In this life, three things are guaranteed: Death, taxes and the Phillies struggling against an inferior Astros team in September. Phillies fans were subjected to another expose on the latter tonight, as the Phils fell to the Astros 5-0–their second loss in three games against a glorified Triple-A team. Unlike Thursday’s agonizing loss, in which the team let a lead slip away late, this game had a more somber feel. The Phils lacked energy from the start, got down early and never really seemed to be in the game. They essentially could have ended the game after the first inning.
Cy Kendrick? Not Tonight
– Let’s face it, Kyle Kendrick wasn’t going to pitch like vintage Roy Halladay forever. Over his last six games before tonight, Kendrick posted a 1.49 ERA, but also posted a .204 BABIP. While he’s been very good, he’s also been very lucky. He was due for a letdown game. But boy did it come at the wrong time for the Phillies.
– The Astros jumped out in front early on a first inning home run by Justin Maxwell. The homer came on a changeup–which has been the pitch that has spurred Kendrick’s hot streak–that came in flat and over the inner half of the plate. It was an all around bad pitch, and looked to be a sign of things to come, as Kendrick also labored through the second inning (giving up another run). He pitched well through the third and fourth, but surrendered another run in the fifth before being lifted. He probably could’ve gone another inning, but with the Phillies down 4-0, and with little margin for error, Manuel opted to go to the ‘pen.
The Bats Resemble Times Of Old
– Before tonight, Astros starter Dallas Keuchel was 1-7 with a 5.35 ERA. In 70.1 IP, he struck out just 31 hitters while walking 33. He has been far from an effective pitcher this season. The Phils should’ve shelled him. Of course, that’s not how things went down.
– They were not without their chances against the lackluster left-hander, however. During his 5.1 innings of work, the Phillies had runners reach in every inning, the leadoff hitter on four times, and twice loaded the bases. During that span, they left 16 runners on base and scored a grand total of zero runs. They looked like the team we saw so often during the first five months of this season–taking a bad approach at the plate and routinely failing to come up with a clutch hit. The fact that Keuchel went only five plus innings, despite the fact that the Phils were unable to score against him, speaks volumes about how average he was on the mound. The Phillies simply let him off the hook.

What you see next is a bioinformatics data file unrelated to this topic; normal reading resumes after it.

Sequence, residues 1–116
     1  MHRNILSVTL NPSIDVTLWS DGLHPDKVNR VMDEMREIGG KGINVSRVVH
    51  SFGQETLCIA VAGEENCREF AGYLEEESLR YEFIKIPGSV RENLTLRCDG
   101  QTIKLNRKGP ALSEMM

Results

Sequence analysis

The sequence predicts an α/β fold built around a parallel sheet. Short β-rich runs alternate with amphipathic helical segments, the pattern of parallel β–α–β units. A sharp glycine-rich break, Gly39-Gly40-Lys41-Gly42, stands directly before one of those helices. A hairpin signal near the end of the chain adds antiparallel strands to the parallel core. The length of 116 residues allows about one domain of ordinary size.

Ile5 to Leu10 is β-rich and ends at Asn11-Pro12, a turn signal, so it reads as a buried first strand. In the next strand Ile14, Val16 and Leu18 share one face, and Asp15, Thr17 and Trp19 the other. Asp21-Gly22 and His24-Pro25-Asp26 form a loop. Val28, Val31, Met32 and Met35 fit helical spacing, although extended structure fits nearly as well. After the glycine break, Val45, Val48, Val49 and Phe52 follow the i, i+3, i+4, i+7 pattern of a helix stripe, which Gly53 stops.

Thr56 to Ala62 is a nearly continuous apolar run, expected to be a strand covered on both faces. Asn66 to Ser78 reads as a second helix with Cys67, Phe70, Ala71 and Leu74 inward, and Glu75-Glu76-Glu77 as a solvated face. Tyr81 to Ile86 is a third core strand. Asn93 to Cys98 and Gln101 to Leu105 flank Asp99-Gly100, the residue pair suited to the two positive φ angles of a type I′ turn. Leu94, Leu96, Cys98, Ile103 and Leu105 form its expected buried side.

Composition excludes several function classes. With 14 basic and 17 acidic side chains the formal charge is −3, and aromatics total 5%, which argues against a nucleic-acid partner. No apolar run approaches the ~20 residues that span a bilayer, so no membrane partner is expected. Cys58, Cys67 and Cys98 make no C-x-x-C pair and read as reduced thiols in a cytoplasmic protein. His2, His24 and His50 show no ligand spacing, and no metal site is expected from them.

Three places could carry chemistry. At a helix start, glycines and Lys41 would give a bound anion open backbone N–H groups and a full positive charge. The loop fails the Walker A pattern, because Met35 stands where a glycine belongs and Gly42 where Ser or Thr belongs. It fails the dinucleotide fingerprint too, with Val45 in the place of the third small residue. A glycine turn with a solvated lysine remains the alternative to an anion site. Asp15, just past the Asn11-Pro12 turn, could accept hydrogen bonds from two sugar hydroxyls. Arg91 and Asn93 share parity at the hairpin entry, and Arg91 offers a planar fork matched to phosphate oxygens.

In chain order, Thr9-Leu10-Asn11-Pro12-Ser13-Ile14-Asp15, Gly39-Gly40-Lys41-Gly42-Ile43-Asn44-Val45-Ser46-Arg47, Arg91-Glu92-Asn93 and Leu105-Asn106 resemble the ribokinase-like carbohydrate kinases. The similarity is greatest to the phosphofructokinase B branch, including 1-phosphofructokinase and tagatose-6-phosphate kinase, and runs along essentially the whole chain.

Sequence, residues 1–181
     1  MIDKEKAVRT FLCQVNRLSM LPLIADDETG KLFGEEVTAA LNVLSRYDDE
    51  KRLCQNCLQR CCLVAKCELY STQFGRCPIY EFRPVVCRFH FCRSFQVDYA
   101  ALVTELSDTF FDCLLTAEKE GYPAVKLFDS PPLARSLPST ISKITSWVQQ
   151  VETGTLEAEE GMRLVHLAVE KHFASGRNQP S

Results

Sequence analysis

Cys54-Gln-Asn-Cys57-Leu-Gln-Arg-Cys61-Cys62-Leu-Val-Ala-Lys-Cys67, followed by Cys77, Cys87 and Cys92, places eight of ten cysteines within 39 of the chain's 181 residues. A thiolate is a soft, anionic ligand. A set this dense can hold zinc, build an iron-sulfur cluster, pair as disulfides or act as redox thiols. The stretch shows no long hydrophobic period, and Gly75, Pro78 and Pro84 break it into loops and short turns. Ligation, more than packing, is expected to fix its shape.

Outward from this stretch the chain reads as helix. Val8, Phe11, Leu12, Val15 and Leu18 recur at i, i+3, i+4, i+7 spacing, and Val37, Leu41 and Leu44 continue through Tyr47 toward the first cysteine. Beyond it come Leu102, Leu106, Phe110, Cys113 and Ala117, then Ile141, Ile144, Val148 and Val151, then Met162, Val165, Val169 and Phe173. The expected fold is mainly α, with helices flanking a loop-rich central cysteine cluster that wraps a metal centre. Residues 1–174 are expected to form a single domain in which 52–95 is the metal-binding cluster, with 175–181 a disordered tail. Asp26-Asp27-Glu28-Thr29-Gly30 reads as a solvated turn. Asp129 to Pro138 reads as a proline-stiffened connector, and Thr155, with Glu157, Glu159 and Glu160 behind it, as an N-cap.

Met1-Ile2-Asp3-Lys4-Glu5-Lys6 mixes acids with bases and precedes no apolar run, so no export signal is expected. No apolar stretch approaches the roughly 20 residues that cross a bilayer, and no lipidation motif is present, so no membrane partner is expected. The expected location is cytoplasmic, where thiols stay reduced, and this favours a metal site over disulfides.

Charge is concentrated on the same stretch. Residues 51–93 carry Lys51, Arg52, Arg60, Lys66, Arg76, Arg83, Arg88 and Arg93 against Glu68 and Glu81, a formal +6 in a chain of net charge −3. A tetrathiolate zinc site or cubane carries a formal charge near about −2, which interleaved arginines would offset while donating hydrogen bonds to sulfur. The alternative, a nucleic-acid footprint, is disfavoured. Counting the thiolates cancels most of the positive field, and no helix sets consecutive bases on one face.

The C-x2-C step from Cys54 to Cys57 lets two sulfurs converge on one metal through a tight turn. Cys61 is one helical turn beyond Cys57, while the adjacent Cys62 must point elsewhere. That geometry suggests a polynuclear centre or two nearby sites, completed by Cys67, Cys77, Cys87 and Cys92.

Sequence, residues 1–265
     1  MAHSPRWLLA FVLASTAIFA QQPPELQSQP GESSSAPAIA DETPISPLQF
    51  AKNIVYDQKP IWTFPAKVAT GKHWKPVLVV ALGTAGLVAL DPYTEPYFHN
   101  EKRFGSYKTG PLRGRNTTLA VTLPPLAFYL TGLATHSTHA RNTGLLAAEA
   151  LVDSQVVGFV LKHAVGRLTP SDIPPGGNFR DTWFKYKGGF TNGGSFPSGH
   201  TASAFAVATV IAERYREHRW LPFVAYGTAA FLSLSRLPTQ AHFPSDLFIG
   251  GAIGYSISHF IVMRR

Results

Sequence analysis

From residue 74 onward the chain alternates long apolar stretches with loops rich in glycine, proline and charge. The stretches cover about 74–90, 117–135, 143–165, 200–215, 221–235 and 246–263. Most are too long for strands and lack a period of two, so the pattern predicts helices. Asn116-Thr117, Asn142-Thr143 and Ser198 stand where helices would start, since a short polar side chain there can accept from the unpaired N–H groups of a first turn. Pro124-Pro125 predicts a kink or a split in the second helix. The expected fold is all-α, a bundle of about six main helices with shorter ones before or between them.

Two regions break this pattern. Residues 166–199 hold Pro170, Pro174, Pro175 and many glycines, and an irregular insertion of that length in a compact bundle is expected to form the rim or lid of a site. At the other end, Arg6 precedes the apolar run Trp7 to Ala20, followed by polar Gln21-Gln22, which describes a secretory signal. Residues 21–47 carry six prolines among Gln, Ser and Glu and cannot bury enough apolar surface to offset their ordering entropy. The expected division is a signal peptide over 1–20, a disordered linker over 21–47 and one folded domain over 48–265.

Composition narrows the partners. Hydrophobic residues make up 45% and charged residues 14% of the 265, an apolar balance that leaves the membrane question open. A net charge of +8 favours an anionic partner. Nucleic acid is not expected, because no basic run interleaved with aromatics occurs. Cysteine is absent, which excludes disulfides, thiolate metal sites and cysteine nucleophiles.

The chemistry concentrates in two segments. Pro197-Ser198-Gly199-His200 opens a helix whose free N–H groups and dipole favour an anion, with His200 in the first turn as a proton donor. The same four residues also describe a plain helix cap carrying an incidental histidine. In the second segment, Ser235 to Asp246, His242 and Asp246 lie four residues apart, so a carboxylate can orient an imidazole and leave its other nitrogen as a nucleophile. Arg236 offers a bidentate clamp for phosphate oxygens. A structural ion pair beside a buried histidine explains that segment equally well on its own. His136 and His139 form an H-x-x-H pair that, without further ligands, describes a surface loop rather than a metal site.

– The offense wasn’t any better against the Astros bullpen, which had a collective 4.67 ERA, ranking 28th in baseball. It was a frustrating night from start to finish, and one this team is almost certain to regret. The entire night was a big wasted opportunity–a microcosm of the Phillies’ 2012 campaign. They left a grand total of 23–TWENTY-THREE!–runners on base.
– The Phillies really couldn’t afford to lose this game. The Pirates won, the Brewers are up big, and either the Dodgers or Cardinals will win another game tonight. With the loss, the Phils will lose ground on three of the teams in this wild card chase. When we look back upon this season, if the Phillies fail to make the playoffs, this series will definitely stand out in the minds of many. Sure, there have been plenty of opportunities blown throughout this season. But facing a very bad Houston team, and with St. Louis and L.A. going head to head, this set of games was a great opportunity to build on the momentum the Phils had over the last week and a half. It was not meant to be.